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Wednesday, January 12, 2022

And now the cover-up?

As if the blatant flouting of lockdown rules while people are dying, without access to their relatives, isn't bad enough, the Independent reports that Downing Street staff were advised to “clean up” their phones by removing information that could suggest lockdown parties were held at No 10.

The paper refers to two sources, who claim a senior member of staff told them it would be a “good idea” to remove any messages implying that they had attended or were even aware of anything that could “look like a party”:

The “clean-up” suggestion was made early last month after the first reports emerged of parties at Downing Street, the sources allege.

One said they were “told to clean up their phone just in case” they had to hand it in to the investigation.

A second said: “I was being leant on [during the discussion with a senior colleague] and told to get rid of anything that could look bad.”

Both sources told The Independent they felt under pressure to delete communications and images.

The claims that a senior member of staff directed junior colleagues to remove potential evidence contradicts an email, also sent in December, that instructed staff not to destroy any material that could prove pertinent to an investigation, criminal or otherwise.

This was meant to refer to emails, WhatsApp messages, and calendar invitations, but it was allegedly not observed by some staff, many of whom conducted discussions via WhatsApp on their personal phones as well as work devices.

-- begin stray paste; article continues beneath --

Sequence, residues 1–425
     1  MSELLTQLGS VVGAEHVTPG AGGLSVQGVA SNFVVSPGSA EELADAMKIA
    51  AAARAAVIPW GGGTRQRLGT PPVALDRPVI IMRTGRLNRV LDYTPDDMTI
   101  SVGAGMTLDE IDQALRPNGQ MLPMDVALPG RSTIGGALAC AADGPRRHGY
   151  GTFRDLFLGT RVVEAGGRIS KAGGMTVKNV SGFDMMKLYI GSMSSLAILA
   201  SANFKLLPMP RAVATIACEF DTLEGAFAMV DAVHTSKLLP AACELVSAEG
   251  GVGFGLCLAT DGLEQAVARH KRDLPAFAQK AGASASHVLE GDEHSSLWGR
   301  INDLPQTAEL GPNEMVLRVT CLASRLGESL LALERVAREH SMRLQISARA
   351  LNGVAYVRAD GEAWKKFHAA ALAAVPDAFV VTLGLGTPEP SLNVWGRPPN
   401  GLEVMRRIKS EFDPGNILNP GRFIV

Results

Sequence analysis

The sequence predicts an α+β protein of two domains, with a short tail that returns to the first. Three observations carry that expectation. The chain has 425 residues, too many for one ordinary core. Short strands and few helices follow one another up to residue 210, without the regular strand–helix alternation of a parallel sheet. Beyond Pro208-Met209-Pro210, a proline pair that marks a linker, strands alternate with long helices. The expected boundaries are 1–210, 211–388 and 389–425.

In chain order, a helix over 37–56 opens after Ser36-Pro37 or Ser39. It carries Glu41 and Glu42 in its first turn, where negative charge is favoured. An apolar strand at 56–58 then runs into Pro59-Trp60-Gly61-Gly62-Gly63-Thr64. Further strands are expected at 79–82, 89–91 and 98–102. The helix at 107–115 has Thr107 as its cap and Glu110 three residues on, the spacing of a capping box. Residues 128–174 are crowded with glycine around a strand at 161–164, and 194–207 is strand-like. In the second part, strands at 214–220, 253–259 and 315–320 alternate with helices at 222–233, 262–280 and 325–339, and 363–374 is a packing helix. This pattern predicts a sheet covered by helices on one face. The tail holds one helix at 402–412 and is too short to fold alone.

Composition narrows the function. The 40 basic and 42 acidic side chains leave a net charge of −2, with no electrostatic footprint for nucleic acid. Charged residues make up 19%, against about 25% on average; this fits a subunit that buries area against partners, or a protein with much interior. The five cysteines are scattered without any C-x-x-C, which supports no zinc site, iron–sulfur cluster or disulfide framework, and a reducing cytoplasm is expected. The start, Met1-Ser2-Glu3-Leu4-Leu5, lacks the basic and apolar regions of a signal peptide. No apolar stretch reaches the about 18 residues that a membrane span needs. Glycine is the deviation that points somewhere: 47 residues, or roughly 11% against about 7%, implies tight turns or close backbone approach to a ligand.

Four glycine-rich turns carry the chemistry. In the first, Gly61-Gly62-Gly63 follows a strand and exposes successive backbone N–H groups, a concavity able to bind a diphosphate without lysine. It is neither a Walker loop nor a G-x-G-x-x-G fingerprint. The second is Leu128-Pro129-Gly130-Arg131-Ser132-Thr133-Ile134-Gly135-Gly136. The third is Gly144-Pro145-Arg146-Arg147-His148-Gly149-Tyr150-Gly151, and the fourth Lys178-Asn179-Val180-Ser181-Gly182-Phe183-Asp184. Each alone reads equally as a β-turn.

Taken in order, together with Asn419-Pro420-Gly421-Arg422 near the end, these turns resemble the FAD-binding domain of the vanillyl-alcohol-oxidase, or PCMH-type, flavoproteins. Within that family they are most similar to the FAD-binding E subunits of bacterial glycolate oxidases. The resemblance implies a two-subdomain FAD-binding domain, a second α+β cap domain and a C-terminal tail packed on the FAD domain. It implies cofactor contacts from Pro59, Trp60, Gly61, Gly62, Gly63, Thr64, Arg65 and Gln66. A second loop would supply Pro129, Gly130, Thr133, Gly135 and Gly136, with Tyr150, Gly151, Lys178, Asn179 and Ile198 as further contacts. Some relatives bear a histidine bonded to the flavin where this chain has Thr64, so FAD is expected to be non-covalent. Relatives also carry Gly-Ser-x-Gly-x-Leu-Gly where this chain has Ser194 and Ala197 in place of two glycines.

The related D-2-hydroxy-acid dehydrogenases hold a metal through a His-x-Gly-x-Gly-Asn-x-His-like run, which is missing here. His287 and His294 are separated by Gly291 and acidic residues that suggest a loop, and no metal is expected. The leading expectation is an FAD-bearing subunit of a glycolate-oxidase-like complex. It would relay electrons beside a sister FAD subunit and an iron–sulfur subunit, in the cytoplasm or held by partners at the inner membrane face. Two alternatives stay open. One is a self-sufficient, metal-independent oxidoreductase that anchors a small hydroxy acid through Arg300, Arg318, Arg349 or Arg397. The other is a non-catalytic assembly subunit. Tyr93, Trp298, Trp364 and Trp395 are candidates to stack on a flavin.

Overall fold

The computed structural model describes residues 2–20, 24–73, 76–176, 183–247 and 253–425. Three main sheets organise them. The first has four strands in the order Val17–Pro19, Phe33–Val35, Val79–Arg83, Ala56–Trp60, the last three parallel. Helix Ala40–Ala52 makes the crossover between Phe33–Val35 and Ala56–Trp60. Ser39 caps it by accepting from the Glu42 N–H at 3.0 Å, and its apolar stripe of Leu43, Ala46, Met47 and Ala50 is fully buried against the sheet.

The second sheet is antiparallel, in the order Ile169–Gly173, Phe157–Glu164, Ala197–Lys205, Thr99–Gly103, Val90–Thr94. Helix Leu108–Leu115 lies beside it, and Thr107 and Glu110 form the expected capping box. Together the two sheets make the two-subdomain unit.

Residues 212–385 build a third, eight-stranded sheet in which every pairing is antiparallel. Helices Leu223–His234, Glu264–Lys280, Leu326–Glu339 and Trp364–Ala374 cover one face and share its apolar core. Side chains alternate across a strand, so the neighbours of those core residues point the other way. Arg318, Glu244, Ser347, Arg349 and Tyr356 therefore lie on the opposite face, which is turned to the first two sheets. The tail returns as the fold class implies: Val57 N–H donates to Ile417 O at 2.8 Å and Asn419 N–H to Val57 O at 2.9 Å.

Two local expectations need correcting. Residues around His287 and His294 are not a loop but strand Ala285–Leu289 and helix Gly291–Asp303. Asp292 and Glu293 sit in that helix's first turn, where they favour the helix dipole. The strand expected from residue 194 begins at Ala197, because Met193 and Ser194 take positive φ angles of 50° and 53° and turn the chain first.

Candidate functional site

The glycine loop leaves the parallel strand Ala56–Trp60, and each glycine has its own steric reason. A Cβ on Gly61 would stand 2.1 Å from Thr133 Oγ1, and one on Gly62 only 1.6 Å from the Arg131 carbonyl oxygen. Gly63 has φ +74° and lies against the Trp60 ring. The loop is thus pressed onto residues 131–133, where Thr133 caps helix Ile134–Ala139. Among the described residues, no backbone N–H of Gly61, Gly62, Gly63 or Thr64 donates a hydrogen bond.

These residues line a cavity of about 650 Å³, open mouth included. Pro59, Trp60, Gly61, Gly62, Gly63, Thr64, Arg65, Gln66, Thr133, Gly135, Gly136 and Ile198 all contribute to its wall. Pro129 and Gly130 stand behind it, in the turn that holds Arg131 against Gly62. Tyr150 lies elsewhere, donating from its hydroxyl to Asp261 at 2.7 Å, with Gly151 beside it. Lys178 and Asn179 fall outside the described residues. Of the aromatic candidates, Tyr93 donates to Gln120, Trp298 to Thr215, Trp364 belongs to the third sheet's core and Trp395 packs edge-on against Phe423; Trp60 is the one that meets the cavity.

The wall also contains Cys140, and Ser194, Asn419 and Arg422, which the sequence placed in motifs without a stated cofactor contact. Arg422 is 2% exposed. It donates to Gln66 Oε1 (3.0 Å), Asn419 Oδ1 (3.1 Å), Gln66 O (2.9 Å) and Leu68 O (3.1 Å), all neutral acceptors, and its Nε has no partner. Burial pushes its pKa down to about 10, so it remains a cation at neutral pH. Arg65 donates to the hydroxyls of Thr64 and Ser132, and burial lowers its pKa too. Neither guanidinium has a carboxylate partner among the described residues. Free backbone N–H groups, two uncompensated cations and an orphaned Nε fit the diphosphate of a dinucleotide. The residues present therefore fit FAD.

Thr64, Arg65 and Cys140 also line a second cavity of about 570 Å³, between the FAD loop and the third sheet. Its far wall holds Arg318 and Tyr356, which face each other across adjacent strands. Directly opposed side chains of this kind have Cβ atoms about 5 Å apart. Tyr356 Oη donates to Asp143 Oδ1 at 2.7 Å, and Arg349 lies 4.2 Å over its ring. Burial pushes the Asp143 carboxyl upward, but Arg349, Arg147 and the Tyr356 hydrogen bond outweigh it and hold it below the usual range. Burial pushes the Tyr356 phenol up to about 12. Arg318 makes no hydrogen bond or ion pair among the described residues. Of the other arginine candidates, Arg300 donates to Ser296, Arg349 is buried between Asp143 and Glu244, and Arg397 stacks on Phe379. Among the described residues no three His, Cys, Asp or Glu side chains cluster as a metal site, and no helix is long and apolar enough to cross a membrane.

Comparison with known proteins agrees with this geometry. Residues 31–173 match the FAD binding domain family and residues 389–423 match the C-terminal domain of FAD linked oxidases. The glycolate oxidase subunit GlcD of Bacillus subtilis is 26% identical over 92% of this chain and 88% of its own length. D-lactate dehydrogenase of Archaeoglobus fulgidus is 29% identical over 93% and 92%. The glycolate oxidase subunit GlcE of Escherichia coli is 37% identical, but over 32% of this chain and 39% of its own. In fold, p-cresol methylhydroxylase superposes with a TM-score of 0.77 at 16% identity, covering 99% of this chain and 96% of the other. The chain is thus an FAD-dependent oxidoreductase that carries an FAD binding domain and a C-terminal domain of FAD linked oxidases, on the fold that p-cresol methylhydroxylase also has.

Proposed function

Personal phones cannot be accessed by Ms Gray’s investigation unless staff volunteer them. However, staff can be forced to hand over workplace handsets.

With many staff who attended lockdown-busting events no longer working at No 10, and others having wiped messages from their phones, it will be hard for Ms Gray to gather all available evidence of wrongdoing, sources claim.

Emails at No 10 are automatically deleted after 90 days for security reasons. This is also the case in some other sensitive government departments but not all.

Ultimately, deleted emails can be recovered from servers, but this is far more challenging than accessing historic messages in some other departments, according to people familiar with the process.

In fact it is not that hard to recover deleted emails, but that is hardly the point. If this is true then heads need to roll.
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